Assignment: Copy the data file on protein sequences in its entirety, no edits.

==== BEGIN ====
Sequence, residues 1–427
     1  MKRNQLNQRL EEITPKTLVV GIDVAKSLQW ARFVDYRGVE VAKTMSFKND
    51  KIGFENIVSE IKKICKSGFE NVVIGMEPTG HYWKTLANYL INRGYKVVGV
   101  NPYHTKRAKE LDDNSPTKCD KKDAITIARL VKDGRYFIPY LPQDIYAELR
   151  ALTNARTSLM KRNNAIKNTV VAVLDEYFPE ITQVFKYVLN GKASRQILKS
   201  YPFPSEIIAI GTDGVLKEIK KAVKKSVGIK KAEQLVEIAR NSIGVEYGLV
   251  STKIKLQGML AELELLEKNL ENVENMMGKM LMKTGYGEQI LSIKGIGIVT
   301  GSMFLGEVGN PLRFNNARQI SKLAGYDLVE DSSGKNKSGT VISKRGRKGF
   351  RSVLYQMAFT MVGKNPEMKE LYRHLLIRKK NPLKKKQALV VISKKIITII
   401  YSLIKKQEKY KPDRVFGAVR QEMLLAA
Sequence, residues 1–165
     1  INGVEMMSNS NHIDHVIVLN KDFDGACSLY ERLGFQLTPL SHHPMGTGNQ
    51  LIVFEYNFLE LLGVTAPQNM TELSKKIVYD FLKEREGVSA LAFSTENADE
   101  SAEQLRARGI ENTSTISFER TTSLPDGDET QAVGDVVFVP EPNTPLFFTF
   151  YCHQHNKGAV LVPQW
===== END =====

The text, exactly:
Sequence, residues 1–427
     1  MKRNQLNQRL EEITPKTLVV GIDVAKSLQW ARFVDYRGVE VAKTMSFKND
    51  KIGFENIVSE IKKICKSGFE NVVIGMEPTG HYWKTLANYL INRGYKVVGV
   101  NPYHTKRAKE LDDNSPTKCD KKDAITIARL VKDGRYFIPY LPQDIYAELR
   151  ALTNARTSLM KRNNAIKNTV VAVLDEYFPE ITQVFKYVLN GKASRQILKS
   201  YPFPSEIIAI GTDGVLKEIK KAVKKSVGIK KAEQLVEIAR NSIGVEYGLV
   251  STKIKLQGML AELELLEKNL ENVENMMGKM LMKTGYGEQI LSIKGIGIVT
   301  GSMFLGEVGN PLRFNNARQI SKLAGYDLVE DSSGKNKSGT VISKRGRKGF
   351  RSVLYQMAFT MVGKNPEMKE LYRHLLIRKK NPLKKKQALV VISKKIITII
   401  YSLIKKQEKY KPDRVFGAVR QEMLLAA
Sequence, residues 1–165
     1  INGVEMMSNS NHIDHVIVLN KDFDGACSLY ERLGFQLTPL SHHPMGTGNQ
    51  LIVFEYNFLE LLGVTAPQNM TELSKKIVYD FLKEREGVSA LAFSTENADE
   101  SAEQLRARGI ENTSTISFER TTSLPDGDET QAVGDVVFVP EPNTPLFFTF
   151  YCHQHNKGAV LVPQW